Canadian Underwriter

How this brokerage is keeping its socially-distanced culture strong

May 21, 2020   by Adam Malik

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Zoom meetings can help keep people in touch and see colleagues’ faces, but it doesn’t replace the atmosphere of being in the office. That’s why one brokerage is trying to find new ways to keep employees engaged and help keep its workplace culture healthy when everyone is working from home.

AA Munroe, a brokerage with offices in 20 communities across Nova Scotia, emphasized the importance of culture before the COVID-19 pandemic struck. Having such a level of engagement pre-COVID made it easier to get buy-in for new ideas to keep its team engaged — like creating a ‘Hump Day’ newsletter.

“One of our coworkers … sent a little newsletter [with] funny pictures of me in a dress shirt, tie and with my shorts on working at home,” said Wayne Ezekiel, past president of AA Munro, who is currently serving as the company’s culture champion. “Ideas of things you can cook at home from your pantry when you’re stuck at home — things like that keep it light, in focus.”

Working from home brought new challenges for brokers and staff who are used to working in an office environment. They started sharing ideas via email on how to make things better from home and work easier to do. “I’ve noticed more sharing of ideas in our emails recently,” said Ezekiel, who is based in Antigonish, N.S. “Somebody comes up with a way of dealing with something and they share it with their co-workers.”

Keeping in touch helps everyone still feel connected even though they’re apart.

“We’re also looking for emails to send out to encourage more reaching out to your co-workers when they need help,” said Ekekiel. “Don’t sit at home. You’re not alone. We’re a team, and the idea of a team is to share things with each other. I’m seeing some of that already, but certainly we’ll be sending messages out in that regard as well to keep reminding people.”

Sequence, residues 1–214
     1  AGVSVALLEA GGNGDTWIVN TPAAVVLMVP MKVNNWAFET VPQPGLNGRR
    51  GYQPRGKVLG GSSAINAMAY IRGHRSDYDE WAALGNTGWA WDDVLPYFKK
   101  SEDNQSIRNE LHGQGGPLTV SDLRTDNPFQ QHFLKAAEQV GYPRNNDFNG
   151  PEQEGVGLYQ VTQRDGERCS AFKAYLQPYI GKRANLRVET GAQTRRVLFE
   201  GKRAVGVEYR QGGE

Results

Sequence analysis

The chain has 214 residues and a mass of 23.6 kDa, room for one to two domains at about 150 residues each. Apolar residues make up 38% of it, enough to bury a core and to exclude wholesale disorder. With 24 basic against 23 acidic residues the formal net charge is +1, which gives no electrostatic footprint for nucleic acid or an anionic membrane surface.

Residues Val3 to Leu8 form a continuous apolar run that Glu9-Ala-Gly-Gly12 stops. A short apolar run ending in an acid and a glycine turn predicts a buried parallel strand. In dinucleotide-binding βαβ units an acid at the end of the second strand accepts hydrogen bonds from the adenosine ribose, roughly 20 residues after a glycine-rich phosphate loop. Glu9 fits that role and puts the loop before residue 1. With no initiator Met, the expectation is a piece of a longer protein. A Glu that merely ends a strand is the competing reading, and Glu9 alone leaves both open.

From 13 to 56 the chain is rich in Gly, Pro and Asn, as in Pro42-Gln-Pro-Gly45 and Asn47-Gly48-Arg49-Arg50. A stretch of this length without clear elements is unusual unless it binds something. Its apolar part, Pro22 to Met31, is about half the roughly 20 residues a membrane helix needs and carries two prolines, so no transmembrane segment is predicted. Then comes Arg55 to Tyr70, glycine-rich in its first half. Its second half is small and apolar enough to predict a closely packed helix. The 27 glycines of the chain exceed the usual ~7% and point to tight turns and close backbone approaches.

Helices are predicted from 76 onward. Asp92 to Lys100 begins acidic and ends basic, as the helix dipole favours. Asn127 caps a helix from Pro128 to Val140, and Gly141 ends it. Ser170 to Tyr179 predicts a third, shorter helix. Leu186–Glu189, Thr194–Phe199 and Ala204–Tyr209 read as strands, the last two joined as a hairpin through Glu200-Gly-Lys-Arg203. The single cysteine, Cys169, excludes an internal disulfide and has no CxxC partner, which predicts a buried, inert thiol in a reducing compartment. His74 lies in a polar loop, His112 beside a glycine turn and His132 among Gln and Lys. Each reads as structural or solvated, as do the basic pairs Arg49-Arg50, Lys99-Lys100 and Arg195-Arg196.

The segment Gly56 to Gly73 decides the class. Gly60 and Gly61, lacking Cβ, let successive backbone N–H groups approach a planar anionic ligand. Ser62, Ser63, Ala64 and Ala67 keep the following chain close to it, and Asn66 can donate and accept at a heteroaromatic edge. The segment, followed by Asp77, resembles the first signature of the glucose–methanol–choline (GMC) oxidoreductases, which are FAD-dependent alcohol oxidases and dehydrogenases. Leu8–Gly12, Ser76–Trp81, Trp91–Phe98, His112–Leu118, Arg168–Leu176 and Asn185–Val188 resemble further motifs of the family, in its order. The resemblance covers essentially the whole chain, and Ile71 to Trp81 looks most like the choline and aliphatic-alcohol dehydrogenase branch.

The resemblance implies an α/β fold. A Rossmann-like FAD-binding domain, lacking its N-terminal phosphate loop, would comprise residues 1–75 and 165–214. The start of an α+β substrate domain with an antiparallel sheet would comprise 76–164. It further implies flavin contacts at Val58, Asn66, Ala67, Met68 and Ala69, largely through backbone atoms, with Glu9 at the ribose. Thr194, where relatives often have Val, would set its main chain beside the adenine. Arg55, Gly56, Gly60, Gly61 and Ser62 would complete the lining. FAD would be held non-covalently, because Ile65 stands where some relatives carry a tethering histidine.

But forcing a culture where one may not have existed may lead to unintended results. It was easier to encourage such behaviour at AA Munroe because they were already a tight-knit group. A disconnected brokerage may not get the same results, Ezekiel warned.

“I think we’re unique. I think there are real possibilities for anyone that wanted [a culture champion],” he said. But “I’m not sure if the culture is right in every brokerage. There’s still that strong, top-down culture.”

A traditional top-down leadership approach may get in the way of staff at other brokerages who want to develop better camaraderie. There’s a lot of “I’m the owner, and you better listen to me” type of attitudes still around, Ezekiel observed. “I think that’s prevalent in our industry.”

Those attitudes may be shifting, however, thanks to the younger generation who will push out those old school ways of management. “I think over the next five to 10 years, with Millennials taking over, you’ll probably see more of that happening as the traditional owners move away,” Ezekiel said. “So I think we have a unique situation in our organization. I think It would be a benefit to everybody to pay attention to their culture.”


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